Above: "Fish-handled teapot;" 33 cm in width.


Above: "Korean Heron with fish handle and wings;" ewer, earthenware with colored slips; 60 cm in height.



hen I was working on my Ph.D. at Cornell (which was never to be finished), I went out to the Chihuahuan Desert in West Texas to do research on the Harris' Hawk. A female of this species forms a sexual bond with two males. They raise their young and then fly to Mexico for the winter, leaving me with nothing to do: I had completed all my coursework at Cornell.

The Texas county I was living in is far larger than the state of Rhode Island, but its entire population is less than 10,000 people, including the students at Sull Ross State University. Sull Ross, the site of the National Intercollegiate Rodeo Association Hall of Fame, is a place where you can major in horse science. Just for a lark, I took a couple semesters of horseshoeing and a semester in horsebreaking. I am probably the only man in Korea who has eight semester credits in horseshoing.

I also took a course in pottery. This led to a masters and then a year at the Kansas City Art Institute with Ken Ferguson. I showed my work in group shows in over half the fifty states, and won honorable mentions in major international competitions in France and Japan. I also wrote three cover articles for the largest-selling international magazine on clay, Ceramics Monthly. One article was a portfolio of my work, another documented a trip I took to Korea in 1986 to study traditional fold pottery, and the last described the firing of a huge wood kiln in America. I also wrote an editorial for Ceriamics Monthly entitled "Making Music versus Merely Playing the Piano."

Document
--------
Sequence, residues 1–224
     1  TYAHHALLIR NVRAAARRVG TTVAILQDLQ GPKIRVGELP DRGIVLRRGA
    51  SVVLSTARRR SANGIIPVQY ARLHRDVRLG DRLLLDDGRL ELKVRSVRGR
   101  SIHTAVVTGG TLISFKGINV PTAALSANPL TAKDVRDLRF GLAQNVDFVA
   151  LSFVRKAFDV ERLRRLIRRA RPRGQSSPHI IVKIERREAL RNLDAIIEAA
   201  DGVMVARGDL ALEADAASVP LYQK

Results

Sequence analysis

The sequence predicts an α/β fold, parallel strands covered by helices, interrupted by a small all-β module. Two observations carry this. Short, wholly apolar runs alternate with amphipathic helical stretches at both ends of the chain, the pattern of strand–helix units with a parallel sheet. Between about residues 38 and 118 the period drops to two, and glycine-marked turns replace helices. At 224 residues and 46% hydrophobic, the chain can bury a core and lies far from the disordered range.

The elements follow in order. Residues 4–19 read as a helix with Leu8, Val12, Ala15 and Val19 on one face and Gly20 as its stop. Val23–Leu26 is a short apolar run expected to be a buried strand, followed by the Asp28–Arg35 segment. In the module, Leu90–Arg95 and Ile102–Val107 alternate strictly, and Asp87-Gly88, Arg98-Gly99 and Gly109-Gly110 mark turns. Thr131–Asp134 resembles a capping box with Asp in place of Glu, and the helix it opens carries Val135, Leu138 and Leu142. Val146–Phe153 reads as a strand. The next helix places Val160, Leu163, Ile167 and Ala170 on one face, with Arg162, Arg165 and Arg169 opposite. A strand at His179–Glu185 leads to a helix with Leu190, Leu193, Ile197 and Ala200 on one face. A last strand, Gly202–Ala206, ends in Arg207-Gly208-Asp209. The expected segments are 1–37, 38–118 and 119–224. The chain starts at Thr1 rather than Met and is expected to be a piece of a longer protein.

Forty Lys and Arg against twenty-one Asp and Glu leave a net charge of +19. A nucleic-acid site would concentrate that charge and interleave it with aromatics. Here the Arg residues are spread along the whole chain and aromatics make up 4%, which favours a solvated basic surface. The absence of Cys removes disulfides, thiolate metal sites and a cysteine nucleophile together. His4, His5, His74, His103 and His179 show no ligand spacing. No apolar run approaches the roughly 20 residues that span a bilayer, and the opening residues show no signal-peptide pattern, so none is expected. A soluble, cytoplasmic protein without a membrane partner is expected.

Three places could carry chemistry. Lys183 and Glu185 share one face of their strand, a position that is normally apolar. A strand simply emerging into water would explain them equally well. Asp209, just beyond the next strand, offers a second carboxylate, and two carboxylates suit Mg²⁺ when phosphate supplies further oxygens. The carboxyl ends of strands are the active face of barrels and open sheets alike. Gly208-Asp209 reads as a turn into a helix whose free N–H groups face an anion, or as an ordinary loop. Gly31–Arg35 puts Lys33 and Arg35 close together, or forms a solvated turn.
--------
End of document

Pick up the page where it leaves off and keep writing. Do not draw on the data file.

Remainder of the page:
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Below are thumbnails that take you to the articles and portfolios.
A portfolio of my work
About a trip I took to Korea in 1986
About the firing of a huge wood kiln in America

A small black and white portfolio
A Ceramics Monthly editorial